Unlike the other sacraments that Christ indirectly instituted, this sacrament comes directly from something that Jesus said and did during his earthly life: the institution of the Eucharist at the Last Supper. Convergent NT traditions about the Last Supper support this conclusion, while differing slightly over details. For instance, on the one hand, Paul (1 Cor. 11: 23—6) and Luke (22: 14—20) report the instruction to 'do this as a memorial of me', and, on the other hand Mark (14: 22-5) and Matthew (26: 26-9) report 'this is my body' (without the 'for you' found in the tradition from Paul and Luke) and 'my blood of the covenant' (without qualifying it as the 'new' covenant' as do Paul and Luke). But these and further differences are secondary. The convergence of NT witness supports the constant Christian tradition and the teaching of the Council of Trent (DH 1640; ND 1517): Christ himself directly instituted the Eucharist before he died. At that sacrificial meal, he invited his disciples to share, by eating and drinking, in his covenant offering to the Father.
In this sacrifice of praise, thanksgiving, and expiation for sins, Christ functioned as both priest and victim. His priestly words and gestures (the 'breaking' of the bread/body, reported by Paul and all three evangelists, and the 'pouring out of my blood', reported by the three evangelists) were clearly to be understood sacrificially. These words and actions symbolized and enacted the new covenant effected by Jesus' life, death, resurrection, and sending of the Spirit, a covenant of reconciliation that bound human beings in a new relationship with God and with one another. Sealing the covenant with blood unmistakably recalled the Jewish sacrificial background: in particular, the ceremony at Mount Sinai when Moses in his role as mediator dramatized the union between God (represented by the altar) and the twelve tribes of Israel158 by flinging some blood from the sacrifices over the altar and over the people and said: 'This is the blood of the covenant which the Lord has made with you' (Exod. 24: 1—8).
The Letter to the Hebrews developed at length the themes of the unique priesthood and unique sacrifice of Christ. This sacrifice, offered once and for all, redeemed all and mediated the new covenant (Heb. 4: 14-10: 39). Hebrews, while treating Christ's death and glorious exaltation, did not appeal to what immediately preceded the crucifixion and resurrection: the sacrificial meal on the night before he died.159 The imagery of Hebrews drew from the levitical priesthood, the tent shrine of Exodus, and the ceremony of the Day of Expiation (Heb. 9: 7), as well as from the ratification of the covenant at Mount Sinai. In radically reinterpreting priesthood, sacrifice, and covenant, Hebrews filled out what Jesus said and did at the Last Supper. While the Last Supper was a sacrifice, even more obviously it was a meal involving the consecrated bread and wine: 'take and eat' and 'drink all of you' (Matt. 26: 26-7). This meal formed the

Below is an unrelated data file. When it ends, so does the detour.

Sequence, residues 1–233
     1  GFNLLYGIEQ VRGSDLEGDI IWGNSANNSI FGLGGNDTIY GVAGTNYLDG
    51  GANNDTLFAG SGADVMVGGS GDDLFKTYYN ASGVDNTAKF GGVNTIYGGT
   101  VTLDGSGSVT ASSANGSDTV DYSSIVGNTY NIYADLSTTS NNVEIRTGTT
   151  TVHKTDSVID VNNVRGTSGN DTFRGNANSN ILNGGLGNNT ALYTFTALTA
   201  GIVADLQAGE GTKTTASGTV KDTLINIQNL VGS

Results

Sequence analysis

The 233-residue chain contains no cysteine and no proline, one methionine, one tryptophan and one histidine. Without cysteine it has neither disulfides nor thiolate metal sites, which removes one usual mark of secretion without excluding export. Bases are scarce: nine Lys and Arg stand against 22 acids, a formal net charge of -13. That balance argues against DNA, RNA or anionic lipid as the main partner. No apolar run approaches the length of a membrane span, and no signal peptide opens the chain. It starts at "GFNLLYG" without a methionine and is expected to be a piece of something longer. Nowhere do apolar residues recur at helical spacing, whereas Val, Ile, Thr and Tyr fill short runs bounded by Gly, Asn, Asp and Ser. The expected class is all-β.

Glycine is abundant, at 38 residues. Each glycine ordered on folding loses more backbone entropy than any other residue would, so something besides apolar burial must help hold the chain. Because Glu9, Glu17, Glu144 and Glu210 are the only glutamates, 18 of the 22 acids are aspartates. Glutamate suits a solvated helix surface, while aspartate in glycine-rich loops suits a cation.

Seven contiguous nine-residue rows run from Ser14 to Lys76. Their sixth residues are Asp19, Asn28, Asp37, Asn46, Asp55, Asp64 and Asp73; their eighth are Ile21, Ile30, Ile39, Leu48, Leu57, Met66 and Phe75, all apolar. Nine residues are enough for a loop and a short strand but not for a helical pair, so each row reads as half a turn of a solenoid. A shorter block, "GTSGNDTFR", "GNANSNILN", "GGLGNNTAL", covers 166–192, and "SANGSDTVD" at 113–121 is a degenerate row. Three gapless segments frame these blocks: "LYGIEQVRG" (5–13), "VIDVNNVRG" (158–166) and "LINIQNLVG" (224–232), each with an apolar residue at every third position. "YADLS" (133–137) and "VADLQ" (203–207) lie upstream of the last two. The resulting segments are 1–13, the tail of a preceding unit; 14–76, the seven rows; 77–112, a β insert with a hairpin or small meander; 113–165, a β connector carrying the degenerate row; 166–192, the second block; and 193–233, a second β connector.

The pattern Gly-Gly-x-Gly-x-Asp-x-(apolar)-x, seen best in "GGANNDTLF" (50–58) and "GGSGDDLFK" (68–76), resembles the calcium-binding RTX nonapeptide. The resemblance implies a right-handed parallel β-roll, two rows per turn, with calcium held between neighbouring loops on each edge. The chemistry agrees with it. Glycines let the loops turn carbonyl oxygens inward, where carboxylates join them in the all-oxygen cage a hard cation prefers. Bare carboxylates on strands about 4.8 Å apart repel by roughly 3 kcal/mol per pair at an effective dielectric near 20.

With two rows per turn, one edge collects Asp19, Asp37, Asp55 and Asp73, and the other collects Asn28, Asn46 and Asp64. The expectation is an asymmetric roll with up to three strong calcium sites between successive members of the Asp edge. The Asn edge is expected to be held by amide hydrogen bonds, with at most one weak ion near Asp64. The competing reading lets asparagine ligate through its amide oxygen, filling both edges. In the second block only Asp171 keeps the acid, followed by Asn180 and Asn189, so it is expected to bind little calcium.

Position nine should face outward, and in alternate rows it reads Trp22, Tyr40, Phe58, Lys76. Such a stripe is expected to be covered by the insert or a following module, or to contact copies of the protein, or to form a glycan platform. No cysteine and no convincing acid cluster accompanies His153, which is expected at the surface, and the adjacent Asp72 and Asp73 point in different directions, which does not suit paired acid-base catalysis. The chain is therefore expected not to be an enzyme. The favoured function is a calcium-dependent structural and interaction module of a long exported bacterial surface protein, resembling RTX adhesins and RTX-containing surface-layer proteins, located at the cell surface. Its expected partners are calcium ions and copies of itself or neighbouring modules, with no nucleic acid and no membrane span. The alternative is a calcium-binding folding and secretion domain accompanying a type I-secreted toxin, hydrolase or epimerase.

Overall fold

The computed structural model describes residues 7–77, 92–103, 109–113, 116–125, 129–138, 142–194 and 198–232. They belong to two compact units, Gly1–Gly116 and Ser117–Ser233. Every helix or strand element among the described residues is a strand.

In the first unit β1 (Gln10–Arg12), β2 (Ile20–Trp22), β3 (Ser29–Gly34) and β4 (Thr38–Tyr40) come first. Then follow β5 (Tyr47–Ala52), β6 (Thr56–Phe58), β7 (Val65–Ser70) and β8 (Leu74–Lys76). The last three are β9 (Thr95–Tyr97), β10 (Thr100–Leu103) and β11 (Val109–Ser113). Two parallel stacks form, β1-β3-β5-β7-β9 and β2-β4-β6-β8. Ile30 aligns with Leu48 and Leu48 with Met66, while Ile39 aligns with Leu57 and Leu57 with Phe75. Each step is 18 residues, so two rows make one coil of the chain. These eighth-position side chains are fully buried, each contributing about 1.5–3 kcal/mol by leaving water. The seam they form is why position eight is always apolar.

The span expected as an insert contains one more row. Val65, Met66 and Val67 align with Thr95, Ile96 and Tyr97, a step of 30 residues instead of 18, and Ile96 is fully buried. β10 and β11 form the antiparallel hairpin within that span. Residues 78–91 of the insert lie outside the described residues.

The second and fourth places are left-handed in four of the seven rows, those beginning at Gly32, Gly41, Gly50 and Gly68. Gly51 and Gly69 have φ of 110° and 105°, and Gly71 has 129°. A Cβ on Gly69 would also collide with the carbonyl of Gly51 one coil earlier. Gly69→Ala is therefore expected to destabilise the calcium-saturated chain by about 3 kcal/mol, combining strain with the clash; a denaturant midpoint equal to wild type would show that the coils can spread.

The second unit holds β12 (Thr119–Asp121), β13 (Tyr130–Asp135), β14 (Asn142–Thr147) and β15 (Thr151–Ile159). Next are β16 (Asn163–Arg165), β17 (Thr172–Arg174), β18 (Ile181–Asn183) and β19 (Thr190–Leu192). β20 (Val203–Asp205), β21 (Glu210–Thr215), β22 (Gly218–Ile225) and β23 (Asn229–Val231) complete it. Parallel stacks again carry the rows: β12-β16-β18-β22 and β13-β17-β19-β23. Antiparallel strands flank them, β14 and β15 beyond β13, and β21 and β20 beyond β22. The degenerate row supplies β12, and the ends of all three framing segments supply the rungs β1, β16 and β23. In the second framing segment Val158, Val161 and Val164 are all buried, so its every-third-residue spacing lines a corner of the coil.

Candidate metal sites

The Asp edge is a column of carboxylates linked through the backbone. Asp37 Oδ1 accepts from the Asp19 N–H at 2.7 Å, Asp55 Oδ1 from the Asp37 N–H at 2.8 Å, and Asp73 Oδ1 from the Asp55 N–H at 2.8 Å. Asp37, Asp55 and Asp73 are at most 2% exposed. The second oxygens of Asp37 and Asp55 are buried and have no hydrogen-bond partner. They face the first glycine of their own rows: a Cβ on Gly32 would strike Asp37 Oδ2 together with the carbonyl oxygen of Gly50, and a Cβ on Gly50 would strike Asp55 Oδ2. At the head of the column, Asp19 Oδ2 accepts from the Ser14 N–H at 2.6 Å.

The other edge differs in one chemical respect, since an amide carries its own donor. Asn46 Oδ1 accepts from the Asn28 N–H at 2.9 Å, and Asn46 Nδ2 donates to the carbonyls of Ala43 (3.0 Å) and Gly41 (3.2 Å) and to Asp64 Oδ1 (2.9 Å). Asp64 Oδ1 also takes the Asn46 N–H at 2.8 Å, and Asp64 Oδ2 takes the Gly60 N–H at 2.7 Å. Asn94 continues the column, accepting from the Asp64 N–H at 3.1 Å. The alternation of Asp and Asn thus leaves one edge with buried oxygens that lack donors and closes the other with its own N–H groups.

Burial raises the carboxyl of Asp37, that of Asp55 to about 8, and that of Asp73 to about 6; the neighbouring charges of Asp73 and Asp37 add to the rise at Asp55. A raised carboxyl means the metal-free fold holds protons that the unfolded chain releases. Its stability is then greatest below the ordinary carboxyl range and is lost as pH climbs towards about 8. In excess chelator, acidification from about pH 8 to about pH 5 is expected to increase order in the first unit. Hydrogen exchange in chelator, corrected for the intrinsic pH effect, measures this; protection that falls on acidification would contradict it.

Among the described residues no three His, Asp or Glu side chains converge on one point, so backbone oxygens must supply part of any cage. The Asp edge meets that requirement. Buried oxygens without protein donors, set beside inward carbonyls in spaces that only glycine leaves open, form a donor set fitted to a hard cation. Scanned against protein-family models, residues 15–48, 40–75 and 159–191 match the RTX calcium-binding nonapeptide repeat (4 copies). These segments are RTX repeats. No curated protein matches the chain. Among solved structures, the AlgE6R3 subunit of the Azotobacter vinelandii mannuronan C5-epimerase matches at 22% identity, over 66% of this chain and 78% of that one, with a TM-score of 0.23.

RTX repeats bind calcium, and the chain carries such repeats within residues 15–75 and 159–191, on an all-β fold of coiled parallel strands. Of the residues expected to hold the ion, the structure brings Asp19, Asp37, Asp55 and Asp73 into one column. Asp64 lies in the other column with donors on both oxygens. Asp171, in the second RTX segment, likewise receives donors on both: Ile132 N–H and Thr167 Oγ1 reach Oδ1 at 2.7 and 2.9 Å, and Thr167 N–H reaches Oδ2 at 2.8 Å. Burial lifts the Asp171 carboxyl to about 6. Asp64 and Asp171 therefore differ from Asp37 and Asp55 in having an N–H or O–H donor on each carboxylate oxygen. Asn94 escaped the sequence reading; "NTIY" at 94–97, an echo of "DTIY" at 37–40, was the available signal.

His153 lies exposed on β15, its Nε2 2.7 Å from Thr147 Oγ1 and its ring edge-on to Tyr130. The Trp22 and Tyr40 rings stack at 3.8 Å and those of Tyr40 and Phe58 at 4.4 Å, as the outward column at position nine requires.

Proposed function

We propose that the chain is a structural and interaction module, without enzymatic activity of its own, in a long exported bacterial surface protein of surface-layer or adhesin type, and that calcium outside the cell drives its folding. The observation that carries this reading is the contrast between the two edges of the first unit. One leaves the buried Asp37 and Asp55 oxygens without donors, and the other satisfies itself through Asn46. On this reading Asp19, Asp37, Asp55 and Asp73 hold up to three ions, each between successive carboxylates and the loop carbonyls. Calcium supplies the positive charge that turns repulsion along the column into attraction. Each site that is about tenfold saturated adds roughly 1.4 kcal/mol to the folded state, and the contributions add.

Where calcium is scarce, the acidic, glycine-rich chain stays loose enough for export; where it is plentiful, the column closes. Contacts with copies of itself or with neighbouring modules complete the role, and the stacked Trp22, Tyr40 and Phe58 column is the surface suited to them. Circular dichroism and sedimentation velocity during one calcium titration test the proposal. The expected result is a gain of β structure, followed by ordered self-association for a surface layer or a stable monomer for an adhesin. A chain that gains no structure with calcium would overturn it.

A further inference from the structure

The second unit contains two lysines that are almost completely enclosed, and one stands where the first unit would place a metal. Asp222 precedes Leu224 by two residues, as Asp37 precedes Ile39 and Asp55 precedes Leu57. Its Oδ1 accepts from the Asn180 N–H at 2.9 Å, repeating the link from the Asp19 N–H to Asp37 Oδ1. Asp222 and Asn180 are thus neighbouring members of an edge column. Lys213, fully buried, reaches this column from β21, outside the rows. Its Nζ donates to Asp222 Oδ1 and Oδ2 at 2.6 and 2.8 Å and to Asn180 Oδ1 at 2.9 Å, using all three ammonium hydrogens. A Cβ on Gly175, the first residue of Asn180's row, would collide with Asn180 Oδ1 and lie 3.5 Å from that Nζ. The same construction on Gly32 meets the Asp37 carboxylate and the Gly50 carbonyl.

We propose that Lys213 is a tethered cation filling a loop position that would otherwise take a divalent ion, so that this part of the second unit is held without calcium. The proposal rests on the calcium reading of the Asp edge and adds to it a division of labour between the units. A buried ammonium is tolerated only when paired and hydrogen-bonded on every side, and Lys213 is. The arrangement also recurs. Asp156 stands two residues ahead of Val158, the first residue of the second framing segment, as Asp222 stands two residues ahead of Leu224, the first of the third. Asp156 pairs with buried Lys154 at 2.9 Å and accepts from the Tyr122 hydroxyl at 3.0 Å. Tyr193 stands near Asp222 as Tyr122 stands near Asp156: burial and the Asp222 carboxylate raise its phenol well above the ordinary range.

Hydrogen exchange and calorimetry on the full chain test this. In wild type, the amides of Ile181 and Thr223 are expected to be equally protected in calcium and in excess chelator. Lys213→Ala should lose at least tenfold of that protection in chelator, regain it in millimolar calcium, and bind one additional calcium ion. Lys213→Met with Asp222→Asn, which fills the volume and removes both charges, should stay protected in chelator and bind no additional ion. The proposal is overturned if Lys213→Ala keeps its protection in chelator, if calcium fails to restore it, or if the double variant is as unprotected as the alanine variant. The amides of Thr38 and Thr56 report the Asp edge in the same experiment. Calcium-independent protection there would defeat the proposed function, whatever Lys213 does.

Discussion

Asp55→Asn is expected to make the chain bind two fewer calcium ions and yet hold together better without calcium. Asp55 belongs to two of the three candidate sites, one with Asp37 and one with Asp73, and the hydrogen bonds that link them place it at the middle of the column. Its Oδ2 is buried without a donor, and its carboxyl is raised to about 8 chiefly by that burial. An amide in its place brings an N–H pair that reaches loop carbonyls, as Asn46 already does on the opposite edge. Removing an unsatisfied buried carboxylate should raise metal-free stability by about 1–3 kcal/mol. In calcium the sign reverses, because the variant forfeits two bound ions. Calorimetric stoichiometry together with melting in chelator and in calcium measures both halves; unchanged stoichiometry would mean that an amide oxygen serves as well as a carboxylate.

158 For the evangelists, early Christians, and presumably for Jesus himself, the presence of 'the twelve' (Mark 14: 12, 17, 20; Matt. 26: 17, 20) or 'the (twelve) apostles' (Luke 22: 14) at the Last Supper recalled the covenant scene of the twelve tribes at Sinai. That, however, is not to say that only the Twelve and no one from the wider group of the disciples attended the Last Supper (see Matt. 26: 26).
159 Some scholars, however, find in Heb. 9: 12, 14; 10: 19 a reference to communion in Christ's blood and to the eucharistic cup.
Fig. 11. Caravaggio (d. 1610) catching the dramatic moment at Emmaus when the two disciples recognize the risen Jesus as he blesses and 'breaks bread'. (© The National Gallery, London.)
Fig. 11. Caravaggio (d. 1610) catching the dramatic moment at Emmaus when the two disciples recognize the risen Jesus as he blesses and 'breaks bread'. (© The National Gallery, London.)
highpoint of the previous meals of Jesus with sinners. During his ministry he ate with sinful men and women; that table fellowship was a major means for initiating people into a new, close relationship with God. What Jesus had repeatedly done during his lifetime he did at the end. All four Gospels make a point of stressing the moral weakness of those with whom he shared the Last Supper: Judas was about to betray him, Peter was about to deny him, and the other male disciples (at least according to Matthew, Mark, and Luke) were all to abandon him at his arrest. They needed to be initiated into a fresh relationship with God.
In its 1963 constitution on the liturgy (Sacrosanctum Concilium) the Second Vatican Council entitled ch. 2 'The Most Holy Mystery of the Eucharist'. By 'mystery' the Council pointed to a reality that, although revealed to us, can never be pinned down or defined by human reason, but which constantly discloses to us different aspects of its inexhaustible truth. By adding 'most holy' the Council indicated that the reality of the Eucharist, even more than the other sacraments, brings an encounter with the awesome and fascinating reality of God. Thus the title for that chapter should alert readers to the fact that any reflection on the Eucharist must reckon with its boundlessly rich significance in truth and grace. Historically this richness has also been reflected in the variety of its other names, such as the Breaking of Bread, the Lord's Supper, the Divine Liturgy, the Mass, the Christian Passover, and Holy Communion.